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Conservatives urged to rethink IT reform

Eight out of 10 UK doctors and NHS IT experts are opposed to scrapping the National Programme for IT in the NHS

Eight out of 10 UK doctors and NHS IT experts are opposed to scrapping the National Programme for IT in the NHS, according to a wide-ranging survey into views on NHS IT published by

The Conservative Party, which is meeting this week in Manchester, is committed to scrapping much of the programme and renegotiating its multi-billion pound central contracts. 

While a third of those surveyed wanted to see the programme scrapped, citing concerns about its 'massive costs' and its being 'of no benefit to patient care', eight out of ten respondents preferred to see it reformed, with greater clinical input, less political interference and fewer centralised contracts. 

86 per cent and 76 per cent of doctors and IT experts from NHS organisations and the independent sector, respectively, also disagreed fundamentally with the Conservatives' proposal to let private companies hold patient records. Privacy was one of the greatest concerns among doctors (60 per cent), and fragmentation of records was one of the chief concerns of IT managers (29 per cent).

85 per cent of respondents supported the NHS' continued development of its own personal health record platform, HealthSpace. Hospital doctors were found to regard online medical records and digital systems for imaging and laboratory tests as being the most important for improvements in care. GPs were most keen to see technology improve the quality and speed of information they receive from hospitals when patients are discharged back to their care, and healthcare ICT professionals were keen to see the development of e-prescribing systems.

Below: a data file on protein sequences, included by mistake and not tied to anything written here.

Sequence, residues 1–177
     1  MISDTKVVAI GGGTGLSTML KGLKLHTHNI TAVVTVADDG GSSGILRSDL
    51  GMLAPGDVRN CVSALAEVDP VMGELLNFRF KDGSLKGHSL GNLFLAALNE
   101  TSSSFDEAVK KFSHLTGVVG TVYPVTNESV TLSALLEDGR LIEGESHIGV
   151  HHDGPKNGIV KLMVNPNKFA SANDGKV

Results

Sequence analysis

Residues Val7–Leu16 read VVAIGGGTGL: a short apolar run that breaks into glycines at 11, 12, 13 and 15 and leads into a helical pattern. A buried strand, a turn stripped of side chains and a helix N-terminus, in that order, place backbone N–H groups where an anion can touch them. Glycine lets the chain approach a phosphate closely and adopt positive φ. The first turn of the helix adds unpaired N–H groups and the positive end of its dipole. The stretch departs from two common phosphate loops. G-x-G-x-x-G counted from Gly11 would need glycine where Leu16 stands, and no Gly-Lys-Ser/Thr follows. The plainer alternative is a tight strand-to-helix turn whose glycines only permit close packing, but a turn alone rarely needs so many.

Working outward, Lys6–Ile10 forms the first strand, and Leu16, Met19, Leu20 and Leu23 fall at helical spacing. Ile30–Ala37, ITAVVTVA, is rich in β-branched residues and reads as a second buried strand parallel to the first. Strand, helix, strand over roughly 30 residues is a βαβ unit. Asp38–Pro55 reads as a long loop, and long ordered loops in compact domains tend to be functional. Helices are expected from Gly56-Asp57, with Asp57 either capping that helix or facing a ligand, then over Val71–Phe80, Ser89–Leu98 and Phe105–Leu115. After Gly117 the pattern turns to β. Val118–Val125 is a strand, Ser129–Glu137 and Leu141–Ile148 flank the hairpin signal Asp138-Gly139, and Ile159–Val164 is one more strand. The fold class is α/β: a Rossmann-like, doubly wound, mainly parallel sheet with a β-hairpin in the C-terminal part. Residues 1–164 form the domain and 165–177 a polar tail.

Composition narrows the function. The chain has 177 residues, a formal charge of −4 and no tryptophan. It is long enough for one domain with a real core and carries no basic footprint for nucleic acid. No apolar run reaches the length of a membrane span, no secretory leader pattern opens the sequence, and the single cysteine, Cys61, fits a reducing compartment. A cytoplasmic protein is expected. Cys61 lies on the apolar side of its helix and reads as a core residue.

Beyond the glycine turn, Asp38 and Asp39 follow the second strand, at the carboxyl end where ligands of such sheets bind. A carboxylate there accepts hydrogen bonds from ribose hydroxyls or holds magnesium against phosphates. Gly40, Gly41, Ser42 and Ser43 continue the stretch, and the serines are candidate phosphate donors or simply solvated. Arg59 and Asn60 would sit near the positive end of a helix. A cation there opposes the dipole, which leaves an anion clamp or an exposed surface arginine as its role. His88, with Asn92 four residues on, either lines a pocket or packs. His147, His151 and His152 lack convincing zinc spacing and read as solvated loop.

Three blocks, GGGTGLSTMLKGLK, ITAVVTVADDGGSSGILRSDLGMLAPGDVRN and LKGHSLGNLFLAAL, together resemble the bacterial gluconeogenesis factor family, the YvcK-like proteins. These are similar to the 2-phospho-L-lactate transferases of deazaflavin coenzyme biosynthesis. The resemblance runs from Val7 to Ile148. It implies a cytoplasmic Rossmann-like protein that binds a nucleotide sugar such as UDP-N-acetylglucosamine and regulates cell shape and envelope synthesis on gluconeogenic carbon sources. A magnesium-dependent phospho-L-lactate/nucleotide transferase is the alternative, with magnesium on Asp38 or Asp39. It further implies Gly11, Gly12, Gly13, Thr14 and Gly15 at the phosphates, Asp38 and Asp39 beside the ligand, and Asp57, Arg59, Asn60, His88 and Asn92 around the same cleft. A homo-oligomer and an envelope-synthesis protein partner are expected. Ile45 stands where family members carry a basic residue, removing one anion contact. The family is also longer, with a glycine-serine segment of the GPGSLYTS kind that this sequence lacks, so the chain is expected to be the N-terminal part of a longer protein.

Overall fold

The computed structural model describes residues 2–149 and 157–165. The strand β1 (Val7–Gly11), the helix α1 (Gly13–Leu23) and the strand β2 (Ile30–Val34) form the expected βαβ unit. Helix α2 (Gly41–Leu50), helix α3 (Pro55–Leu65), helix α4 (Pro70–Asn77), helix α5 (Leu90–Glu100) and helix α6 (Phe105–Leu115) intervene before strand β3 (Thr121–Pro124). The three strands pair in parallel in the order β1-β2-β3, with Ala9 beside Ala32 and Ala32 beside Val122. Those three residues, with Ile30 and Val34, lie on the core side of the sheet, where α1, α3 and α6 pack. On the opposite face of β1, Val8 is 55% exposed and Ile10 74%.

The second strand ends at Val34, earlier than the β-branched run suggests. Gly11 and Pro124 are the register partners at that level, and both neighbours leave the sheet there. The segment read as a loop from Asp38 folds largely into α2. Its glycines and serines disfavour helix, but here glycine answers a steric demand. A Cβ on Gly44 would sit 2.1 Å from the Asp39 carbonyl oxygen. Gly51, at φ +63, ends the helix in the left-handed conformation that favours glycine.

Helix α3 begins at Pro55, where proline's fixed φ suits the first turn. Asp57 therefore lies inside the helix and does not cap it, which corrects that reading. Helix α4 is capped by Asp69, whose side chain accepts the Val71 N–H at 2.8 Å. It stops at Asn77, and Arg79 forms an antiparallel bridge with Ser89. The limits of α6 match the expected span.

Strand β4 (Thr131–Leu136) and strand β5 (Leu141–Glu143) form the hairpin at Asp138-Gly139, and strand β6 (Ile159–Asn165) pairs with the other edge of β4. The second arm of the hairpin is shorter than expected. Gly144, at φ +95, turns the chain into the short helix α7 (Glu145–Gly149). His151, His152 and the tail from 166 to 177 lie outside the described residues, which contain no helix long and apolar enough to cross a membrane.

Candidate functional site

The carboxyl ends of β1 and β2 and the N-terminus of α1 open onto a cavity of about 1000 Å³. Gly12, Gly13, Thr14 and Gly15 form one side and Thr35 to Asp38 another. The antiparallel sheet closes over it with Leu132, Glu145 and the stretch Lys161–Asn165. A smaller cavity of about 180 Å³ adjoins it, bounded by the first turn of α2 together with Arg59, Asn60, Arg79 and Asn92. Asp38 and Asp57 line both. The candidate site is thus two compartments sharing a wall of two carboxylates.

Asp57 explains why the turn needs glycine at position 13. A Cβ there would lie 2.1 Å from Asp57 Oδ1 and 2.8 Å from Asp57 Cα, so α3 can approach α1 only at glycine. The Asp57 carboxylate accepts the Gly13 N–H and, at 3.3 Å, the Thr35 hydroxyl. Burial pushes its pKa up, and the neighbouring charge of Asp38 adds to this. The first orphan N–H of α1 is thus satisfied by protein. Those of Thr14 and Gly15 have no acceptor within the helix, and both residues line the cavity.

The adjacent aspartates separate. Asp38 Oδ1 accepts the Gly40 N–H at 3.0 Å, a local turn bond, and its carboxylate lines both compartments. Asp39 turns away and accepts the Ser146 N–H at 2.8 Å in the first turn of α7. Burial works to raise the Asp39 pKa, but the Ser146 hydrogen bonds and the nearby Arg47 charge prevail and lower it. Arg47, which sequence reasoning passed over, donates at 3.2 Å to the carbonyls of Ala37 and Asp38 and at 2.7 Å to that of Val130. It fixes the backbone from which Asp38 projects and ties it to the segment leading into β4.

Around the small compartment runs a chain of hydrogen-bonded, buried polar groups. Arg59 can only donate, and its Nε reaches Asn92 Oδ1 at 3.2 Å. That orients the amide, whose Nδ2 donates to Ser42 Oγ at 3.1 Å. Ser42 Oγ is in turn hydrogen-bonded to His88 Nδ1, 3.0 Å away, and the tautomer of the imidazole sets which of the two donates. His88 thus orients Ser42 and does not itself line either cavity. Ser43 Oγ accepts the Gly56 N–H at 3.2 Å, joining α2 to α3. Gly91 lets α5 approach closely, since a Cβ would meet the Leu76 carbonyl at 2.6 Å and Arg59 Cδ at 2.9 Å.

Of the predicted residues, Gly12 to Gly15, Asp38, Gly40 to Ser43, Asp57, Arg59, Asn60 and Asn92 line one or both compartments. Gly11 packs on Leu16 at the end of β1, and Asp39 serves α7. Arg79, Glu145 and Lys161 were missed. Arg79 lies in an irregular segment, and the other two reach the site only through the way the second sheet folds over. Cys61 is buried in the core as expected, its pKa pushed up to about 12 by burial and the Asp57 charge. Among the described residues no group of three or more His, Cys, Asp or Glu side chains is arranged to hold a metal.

Dr Tim Ringrose, managing director of medical communities at, said: "Both doctors and managers are keen to see IT used to improve patient care and they think this is best achieved with a centralised rather than a fragmented system.

"The current programmes have not delivered what was promised and reform is certainly required.  Involving clinicians in the design and implementation of the systems is the best way to ensure that IT is used to improve healthcare.  The challenge for the next government is to unlock all of that know-how within the NHS and develop a system that is both fully fit for purpose and doesn't cost a fortune."

Lyn Whitfield, managing editor of E-Health Insider, said: "The national programme has come in for such heavy criticism that it is a surprise to see it being given any support, yet the clear message of this survey is that managers and doctors want to see it reformed, not scrapped. There is also a desire for the NHS to finally deliver the good, clinical IT that will improve quality and efficiency as the NHS moves into difficult financial times. 

"If the Conservatives think that large chunks of the national programme can be scrapped and its work just handed over to US software companies, then doctors and managers are clearly saying that it will not work – and that it could be very bad news for patients."

5th October 2009

From: Healthcare


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